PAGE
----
Do you walk in a room to organize and find yourself paralyzed and overwhelmed?
Do you find yourself spending money on organizing solutions that don’t work?
Do you feel like you put in effort but never make any progress?
Or maybe you know exactly what you want to do, and yet for some reason, you just can’t get started.
Organizing isn’t easy. And having ADHD doesn’t make it any easier.
But it doesn’t have to be impossible.
If you have ADHD and you’ve been struggling with organization, it doesn’t mean there’s something wrong with you. It just means it’s time to try working with your brain instead of against it. That means:
- Understanding how your mind works
- Recognizing your strengths and weaknesses
- Finding the strategies that work for you
About the author:
In her latest book, Lisa Woodruff explores the executive functions of the mind that directly affect your ability to organize your home: flexible thinking, working memory, self-monitoring, task initiation, planning, and organization. Along the way, she provides tips and strategies for overcoming obstacles—tools you can use to get the organized house you’ve been dreaming of.
A professional organizer, productivity coach, and former teacher, Lisa Woodruff knows that organization is more than just 15-minute daily tasks or cute ways to use fun containers. She’s successfully parented, taught, and professionally organized people who struggle with ADHD, and she has been able to help hundreds of women in Cincinnati, Ohio—and thousands of women around the world—get their homes organized and keep them that way.
How does someone without ADHD write a book that is completely relatable to those who have it? She gives clear explanations, real-world examples, and a solution or resource on just about every page. When an organized person wants to help disorganized people, we need to get fluent in their language. And there are a thousand dialects of the language of the disorganized.The language of the person with ADHD who struggles with executive function and organization are on every page of this book.
Lisa Woodruff makes it very clear that she does not have ADHD, but has been surrounded by it throughout her life and careers in service to others, and finding ways to help those with ADHD move forward. This immersion, and helping understand challenges and collaborate to develop solutions has led to this easy to read, easy to use book. Lisa offers clarity, support and guidance to help her readers take a step back, consider what progress would look like, and take action to tackle the areas in their home that have left them feeling defeated.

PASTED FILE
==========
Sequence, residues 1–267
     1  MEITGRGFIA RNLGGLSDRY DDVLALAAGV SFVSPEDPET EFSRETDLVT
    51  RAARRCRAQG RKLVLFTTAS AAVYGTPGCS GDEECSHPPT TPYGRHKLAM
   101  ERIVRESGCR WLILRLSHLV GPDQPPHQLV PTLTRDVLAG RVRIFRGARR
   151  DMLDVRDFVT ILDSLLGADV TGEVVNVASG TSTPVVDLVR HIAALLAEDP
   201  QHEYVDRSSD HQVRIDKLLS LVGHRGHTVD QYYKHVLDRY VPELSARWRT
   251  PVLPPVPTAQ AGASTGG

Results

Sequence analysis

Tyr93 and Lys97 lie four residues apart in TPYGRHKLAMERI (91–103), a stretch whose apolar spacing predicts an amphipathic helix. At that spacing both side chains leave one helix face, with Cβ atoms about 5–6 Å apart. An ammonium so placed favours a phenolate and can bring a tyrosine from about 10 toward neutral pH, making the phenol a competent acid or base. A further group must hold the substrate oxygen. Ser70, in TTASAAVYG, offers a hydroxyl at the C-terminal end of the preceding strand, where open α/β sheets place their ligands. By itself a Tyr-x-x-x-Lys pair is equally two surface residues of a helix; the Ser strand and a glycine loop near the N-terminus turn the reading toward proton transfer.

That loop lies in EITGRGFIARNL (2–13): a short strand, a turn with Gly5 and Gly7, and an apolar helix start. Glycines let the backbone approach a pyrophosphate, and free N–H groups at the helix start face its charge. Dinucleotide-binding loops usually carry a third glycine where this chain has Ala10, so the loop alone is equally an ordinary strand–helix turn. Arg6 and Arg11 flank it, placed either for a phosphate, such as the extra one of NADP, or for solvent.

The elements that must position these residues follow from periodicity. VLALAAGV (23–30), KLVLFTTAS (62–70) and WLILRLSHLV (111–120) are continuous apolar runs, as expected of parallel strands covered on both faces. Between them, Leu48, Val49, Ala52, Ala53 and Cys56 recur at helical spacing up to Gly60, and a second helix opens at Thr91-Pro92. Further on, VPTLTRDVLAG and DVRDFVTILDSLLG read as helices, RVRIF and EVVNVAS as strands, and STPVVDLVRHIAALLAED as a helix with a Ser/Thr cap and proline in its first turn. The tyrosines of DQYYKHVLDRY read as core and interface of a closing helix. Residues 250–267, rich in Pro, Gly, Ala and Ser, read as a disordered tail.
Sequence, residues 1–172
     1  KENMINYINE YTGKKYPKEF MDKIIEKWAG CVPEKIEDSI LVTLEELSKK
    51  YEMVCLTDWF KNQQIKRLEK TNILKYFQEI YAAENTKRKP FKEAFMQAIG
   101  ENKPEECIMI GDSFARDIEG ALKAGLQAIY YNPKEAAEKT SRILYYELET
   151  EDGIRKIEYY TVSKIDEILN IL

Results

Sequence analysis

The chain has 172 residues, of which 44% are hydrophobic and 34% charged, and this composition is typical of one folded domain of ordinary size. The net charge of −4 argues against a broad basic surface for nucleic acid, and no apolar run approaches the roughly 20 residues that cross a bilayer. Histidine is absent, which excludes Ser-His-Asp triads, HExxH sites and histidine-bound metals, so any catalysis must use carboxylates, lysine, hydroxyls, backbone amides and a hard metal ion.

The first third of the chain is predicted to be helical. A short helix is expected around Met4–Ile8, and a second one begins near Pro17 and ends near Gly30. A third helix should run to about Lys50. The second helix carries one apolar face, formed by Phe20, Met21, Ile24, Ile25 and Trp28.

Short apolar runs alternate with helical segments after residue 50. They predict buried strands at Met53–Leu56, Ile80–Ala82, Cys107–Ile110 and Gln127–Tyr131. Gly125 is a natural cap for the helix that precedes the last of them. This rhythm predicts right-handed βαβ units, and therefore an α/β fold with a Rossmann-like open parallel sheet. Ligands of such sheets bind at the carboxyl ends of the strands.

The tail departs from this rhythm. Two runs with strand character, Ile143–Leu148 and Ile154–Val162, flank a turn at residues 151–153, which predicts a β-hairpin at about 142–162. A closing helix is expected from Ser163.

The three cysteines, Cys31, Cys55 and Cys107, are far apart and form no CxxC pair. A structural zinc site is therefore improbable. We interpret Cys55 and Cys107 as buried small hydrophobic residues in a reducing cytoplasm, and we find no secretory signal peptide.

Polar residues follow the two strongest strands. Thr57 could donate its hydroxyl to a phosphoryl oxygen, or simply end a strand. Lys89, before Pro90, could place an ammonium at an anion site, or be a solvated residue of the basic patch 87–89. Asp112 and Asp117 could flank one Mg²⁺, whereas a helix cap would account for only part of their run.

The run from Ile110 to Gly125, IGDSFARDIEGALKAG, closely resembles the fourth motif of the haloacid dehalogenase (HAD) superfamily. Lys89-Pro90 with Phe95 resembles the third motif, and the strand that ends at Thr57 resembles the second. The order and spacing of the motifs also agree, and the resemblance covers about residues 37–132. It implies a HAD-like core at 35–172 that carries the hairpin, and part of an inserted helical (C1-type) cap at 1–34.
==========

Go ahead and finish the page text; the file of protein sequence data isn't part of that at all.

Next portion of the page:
Oh, and here’s the real secret: Even if you don’t have ADHD but struggle with organization, you’ll learn plenty reading this book!
As a professional organizer, I plan on sharing this with my ADHD clients, so that they may have access to the understanding, ideas and resources that this book brings.
Kathy Vines, Certified Professional Organizer®, Clever Girl Organizing
Clearing clutter and getting organized are healthy goals for millions of homeowners, as it can not only reduce stress, but generally help your home life run more smoothly. But for those with attention-deficit/hyperactivity disorder (ADHD), it can be an overwhelming and emotional struggle.
In “How ADHD Affects Home Organization,” professional organizer Lisa Woodruff explores the executive functions of the mind that directly affect one’s ability to organize the home: Flexible thinking, working memory, self-monitoring, task initiation, planning and organization. Along the way, she provides tips and strategies for overcoming obstacles — tools you can use to get the organized house of your dreams.
Published in May, Woodruff’s book appears to have struck a chord with readers. The Kindle version is the No. 1 Best Seller in Do-It-Yourself Home Improvement on Amazon, where it also ranks among the Top 20 Most Wished-For titles. In addition, the Audible audiobook edition currently sits at No. 2 on the list of Top 20 New Releases. It has earned five-star reviews from 90 percent of Amazon customers, with one stating that it “reaches far beyond just helping people with ADHD.”
Anne Hammock, Book of the Week, The Florida Times-Union